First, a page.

Sept. 26--LAKEWOOD -- Small jets will be able to land at the Lakewood Airport after grant-funded upgrades to extend the approach and takeoff fields of the runway are completed within the next three months.
Township officials said they hope the modifications will be the catalyst for growth in the township's 2,100-acre industrial park.
Watch the video above to hear about some of the modifications planned.
The dual-runway airport, which opened in 1947, is located in the center of the park, which employs more than 11,000 people, said Steven Reinman, director of the Lakewood Economic Development and acting township manager. A $220,500 grant -- compliments of the Federal Aviation Administration -- will fund the upgrades to the township-owned airport.
Lakewood is poised to purchase two small pieces of land for about $60,000 from businesses adjacent to the airport to lengthen the access to the 3,000-foot runway, Reinman said. Tall pine trees, clustered on nearby Swarthmore Avenue, will be cut shorter so aircraft can begin to descend sooner and allow small jets to land there, he said.
"The cost of the tree topping could be several thousand dollars," Reinman said, though the grant money will pay for 90 percent of the upgrades. The township and state will each provide five percent toward the cost, he said.
Aviation Charter Patrol leases the grounds and essentially runs the day-to-day services at the airport, said Matt Applegate, the operator in charge.
A majority of the traffic at the airport now is propeller plane and helicopters.
"Today, a lot of people arrive by helicopter who would more likely come in on a small corporate jet," Reinman said.
The grant money coincides with a newly passed township ordinance to prevent more nonprofit businesses from opening adjacent to the perimeter of the airport, securing that property for commercial use only. Several private schools and health care facilities have opened in the industrial park and take away from the tax base because of their nonprofit status.
On average, the airport serves 44 airplanes a day, according to aviation statistics from 2011.
Many novice pilots learn to fly at the airport under the guidance of an instructor. The airport is home to the Pineland Composite Squadron of the Civil Air Patrol.
With the upgrades, the mission of the airport is clear, attract more businesses to the Lakewood Industrial Park, Reinman said.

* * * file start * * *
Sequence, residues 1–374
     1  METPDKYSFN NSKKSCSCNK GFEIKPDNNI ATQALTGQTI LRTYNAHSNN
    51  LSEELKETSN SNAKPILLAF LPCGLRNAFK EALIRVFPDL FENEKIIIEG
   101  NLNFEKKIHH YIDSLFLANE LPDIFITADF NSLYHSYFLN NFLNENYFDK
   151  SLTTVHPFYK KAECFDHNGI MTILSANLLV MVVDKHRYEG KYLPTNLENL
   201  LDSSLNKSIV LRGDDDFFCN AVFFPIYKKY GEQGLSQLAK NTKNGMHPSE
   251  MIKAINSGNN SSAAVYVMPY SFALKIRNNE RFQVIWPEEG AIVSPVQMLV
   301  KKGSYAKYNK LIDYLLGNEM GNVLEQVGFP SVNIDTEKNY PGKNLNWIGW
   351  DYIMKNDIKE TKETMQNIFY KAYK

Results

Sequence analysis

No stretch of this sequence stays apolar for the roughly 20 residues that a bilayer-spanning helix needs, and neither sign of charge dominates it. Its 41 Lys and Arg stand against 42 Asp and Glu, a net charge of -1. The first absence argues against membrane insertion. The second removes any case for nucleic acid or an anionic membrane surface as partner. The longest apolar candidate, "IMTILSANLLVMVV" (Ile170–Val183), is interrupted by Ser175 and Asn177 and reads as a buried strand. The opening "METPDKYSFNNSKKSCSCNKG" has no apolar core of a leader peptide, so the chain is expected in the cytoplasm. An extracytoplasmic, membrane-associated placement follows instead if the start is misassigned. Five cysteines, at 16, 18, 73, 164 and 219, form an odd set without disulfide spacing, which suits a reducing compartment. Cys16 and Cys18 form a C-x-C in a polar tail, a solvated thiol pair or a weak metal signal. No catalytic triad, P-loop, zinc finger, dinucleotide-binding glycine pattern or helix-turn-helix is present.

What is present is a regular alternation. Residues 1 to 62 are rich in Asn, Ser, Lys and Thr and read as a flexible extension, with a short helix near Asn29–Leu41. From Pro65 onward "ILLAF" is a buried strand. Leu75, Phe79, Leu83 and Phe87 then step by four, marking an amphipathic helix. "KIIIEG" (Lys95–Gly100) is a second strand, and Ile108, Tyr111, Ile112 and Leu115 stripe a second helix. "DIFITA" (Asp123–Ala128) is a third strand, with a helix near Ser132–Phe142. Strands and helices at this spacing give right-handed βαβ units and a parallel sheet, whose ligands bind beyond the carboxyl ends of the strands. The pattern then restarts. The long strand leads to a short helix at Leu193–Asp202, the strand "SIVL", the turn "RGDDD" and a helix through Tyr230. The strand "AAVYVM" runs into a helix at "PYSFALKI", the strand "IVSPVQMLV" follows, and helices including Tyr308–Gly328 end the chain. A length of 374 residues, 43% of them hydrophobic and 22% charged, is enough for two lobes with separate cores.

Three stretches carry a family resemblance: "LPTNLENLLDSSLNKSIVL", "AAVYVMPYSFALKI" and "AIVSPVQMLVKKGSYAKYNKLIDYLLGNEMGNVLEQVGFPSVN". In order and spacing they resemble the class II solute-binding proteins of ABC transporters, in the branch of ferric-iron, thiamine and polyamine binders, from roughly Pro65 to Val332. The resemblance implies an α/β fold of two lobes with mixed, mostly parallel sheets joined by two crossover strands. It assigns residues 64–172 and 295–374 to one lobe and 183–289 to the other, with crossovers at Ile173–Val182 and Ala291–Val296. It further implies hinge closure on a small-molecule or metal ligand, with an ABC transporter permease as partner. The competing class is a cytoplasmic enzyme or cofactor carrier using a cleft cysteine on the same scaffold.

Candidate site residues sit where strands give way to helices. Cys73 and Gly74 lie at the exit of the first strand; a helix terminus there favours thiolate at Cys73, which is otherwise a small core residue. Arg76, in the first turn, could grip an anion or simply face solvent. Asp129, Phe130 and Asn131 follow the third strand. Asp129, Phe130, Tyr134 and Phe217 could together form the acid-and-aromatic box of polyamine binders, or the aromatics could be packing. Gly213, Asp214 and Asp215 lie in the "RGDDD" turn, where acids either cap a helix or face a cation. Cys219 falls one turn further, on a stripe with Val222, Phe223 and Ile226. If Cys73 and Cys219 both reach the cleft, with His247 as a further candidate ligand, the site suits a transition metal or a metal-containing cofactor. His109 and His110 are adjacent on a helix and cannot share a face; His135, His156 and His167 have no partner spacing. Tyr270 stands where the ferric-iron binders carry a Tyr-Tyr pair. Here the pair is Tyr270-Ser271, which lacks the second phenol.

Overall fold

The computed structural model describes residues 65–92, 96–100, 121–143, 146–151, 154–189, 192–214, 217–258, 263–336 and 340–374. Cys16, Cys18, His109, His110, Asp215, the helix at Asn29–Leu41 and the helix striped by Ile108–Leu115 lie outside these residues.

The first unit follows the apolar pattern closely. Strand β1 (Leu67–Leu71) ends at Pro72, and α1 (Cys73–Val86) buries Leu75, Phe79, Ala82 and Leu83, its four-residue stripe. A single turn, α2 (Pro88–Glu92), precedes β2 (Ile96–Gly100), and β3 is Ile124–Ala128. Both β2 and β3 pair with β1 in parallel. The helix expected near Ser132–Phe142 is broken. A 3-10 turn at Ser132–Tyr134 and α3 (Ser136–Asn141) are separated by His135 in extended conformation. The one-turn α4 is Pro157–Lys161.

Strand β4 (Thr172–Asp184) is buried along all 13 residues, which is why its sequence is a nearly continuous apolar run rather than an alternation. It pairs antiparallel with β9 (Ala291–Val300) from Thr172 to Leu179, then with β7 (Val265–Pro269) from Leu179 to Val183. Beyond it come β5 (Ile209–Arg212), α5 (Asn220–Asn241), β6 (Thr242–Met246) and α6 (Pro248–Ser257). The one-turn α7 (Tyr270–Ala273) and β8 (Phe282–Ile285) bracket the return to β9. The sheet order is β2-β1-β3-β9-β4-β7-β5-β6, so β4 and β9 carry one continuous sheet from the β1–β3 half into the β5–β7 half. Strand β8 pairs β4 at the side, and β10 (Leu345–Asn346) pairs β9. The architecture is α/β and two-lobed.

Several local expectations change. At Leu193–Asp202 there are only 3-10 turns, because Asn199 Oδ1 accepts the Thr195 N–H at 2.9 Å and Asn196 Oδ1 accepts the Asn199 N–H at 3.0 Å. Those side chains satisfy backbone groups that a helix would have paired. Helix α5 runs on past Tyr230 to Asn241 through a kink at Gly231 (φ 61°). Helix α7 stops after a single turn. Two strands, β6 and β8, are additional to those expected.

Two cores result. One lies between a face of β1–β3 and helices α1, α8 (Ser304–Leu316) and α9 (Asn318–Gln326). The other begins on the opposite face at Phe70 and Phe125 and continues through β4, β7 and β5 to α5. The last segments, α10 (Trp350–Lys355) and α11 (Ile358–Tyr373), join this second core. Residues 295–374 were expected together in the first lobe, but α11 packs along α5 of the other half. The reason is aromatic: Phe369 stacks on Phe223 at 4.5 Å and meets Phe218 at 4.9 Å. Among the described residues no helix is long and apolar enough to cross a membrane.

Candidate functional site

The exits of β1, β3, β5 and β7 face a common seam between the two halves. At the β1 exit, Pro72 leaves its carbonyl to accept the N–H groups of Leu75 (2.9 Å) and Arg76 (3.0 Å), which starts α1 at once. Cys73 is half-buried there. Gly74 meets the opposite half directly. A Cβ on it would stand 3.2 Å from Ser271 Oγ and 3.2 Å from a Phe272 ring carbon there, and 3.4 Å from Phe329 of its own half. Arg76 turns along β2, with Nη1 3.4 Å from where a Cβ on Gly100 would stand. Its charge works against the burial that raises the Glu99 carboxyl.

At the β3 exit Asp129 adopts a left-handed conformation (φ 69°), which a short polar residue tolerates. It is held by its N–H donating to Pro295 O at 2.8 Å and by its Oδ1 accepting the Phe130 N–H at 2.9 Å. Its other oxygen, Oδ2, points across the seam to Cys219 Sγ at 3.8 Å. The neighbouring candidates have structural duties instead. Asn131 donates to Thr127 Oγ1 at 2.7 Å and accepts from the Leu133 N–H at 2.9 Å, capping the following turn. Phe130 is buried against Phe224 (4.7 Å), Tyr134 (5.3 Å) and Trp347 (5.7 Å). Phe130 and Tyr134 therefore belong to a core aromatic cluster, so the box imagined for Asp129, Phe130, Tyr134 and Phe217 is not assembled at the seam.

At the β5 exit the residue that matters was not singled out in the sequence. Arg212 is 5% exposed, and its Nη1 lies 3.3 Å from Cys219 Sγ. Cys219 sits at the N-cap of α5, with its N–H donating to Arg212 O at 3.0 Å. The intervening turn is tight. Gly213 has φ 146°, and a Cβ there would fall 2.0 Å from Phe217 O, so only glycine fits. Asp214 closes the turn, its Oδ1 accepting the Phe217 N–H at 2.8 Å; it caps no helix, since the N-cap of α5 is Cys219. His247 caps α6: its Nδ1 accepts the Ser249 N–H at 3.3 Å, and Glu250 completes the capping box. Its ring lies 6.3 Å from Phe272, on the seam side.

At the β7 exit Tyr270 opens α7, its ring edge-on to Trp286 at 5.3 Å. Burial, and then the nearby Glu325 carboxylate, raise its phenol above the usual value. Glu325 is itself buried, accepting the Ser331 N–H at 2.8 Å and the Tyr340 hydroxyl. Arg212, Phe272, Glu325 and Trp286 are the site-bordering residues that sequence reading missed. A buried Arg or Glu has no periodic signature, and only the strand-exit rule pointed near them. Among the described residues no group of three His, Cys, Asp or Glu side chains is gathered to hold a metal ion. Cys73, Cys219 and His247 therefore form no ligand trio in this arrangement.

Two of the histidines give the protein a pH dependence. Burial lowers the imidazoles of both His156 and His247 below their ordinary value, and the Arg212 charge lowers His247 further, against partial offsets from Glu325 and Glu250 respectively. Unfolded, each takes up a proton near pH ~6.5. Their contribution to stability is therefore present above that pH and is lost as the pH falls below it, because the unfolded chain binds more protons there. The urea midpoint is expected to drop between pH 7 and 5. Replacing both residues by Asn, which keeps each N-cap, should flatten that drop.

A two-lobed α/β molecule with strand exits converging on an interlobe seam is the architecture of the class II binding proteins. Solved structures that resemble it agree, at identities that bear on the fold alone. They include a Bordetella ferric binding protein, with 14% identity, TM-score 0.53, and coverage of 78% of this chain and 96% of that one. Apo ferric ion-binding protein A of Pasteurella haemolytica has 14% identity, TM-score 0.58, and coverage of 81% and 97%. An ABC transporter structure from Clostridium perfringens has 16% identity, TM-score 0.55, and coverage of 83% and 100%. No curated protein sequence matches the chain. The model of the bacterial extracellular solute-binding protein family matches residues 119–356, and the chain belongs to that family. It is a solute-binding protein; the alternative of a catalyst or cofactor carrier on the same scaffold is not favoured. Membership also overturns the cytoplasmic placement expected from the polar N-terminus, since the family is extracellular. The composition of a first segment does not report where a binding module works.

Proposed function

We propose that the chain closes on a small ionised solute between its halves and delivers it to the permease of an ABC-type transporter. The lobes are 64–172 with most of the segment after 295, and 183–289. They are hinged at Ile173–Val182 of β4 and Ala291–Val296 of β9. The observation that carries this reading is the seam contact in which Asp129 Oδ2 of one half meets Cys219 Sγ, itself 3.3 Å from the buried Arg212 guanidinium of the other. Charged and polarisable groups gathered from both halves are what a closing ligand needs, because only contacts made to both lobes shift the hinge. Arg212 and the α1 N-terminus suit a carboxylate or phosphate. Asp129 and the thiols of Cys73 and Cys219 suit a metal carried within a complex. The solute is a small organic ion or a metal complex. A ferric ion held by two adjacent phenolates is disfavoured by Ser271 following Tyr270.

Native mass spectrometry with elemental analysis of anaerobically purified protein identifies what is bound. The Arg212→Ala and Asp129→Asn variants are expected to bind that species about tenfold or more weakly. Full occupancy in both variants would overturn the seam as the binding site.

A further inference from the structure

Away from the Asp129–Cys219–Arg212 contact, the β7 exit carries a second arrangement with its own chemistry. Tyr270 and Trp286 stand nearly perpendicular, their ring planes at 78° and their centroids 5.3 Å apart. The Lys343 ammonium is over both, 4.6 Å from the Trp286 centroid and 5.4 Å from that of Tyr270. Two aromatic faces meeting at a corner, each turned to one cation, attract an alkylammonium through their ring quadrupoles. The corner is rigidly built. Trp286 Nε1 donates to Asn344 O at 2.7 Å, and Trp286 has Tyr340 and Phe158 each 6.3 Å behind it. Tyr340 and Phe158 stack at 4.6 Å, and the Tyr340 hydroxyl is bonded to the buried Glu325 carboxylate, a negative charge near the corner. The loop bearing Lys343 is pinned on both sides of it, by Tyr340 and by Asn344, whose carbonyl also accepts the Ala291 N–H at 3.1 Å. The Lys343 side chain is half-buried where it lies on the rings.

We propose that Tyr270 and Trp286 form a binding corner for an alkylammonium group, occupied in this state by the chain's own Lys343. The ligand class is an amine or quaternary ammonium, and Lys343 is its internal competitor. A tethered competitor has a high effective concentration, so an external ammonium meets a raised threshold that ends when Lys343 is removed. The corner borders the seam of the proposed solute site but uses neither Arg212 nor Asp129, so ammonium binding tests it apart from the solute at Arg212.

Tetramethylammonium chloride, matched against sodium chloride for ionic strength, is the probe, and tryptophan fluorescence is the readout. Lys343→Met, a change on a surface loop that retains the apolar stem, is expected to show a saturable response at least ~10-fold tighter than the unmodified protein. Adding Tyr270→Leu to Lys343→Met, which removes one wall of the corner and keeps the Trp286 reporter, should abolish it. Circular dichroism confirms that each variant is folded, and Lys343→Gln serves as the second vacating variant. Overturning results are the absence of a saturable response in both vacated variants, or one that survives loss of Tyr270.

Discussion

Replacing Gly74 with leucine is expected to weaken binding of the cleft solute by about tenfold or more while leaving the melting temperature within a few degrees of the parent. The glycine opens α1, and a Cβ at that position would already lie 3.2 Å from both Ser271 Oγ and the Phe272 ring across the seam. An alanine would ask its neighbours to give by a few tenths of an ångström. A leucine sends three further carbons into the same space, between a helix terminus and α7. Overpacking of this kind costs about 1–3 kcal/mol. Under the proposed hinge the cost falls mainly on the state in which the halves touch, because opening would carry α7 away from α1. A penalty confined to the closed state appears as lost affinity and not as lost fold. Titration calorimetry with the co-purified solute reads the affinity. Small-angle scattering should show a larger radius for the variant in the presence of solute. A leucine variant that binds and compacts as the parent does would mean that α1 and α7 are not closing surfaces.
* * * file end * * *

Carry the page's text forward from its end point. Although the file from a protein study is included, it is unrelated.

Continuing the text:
Tom Flieger, a 67-year-old flight instructor from Middletown and a member of the Civil Air Patrol, said the improvements will benefit Lakewood's economy.
"This place is very viable unit," he said. "During (superstorm) Sandy, this was a pretty busy little place because it is so close to the water."
The airport also is a major hub for summer banner plane advertising. The airport is home to about nine banner planes that work from Memorial Day through Labor Day. During the rest of the year, the planes fly to Florida to do banner advertisements, Applegate said.
The airport improvements will allow pilots to base their planes at the airport. There are some hangars, and more are planned.
The runway in Lakewood is about half the length of the Ocean County Airport in Berkeley, which accommodates larger corporate jets, said Len Boyd, president of Ocean Aire, which runs Ocean County Airport.
"But airport traffic is way more location oriented. People are not going to fly into Trenton if they have business in Toms River," he said. "If their business is in Lakewood, they will go there. Or, to the next closer airport, here or Monmouth Executive" in Wall.
The 673-acre site with a 7,300-foot runway, once called Allaire Airport, is one of the largest privately-owned, jet-capable airports in the country.
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The airport is a strategic piece in the fast-growing county's economic development plan.
City leaders are planning to expand the centrally located airfield in the next few years, which could lure business from other airports in Pierce and King counties.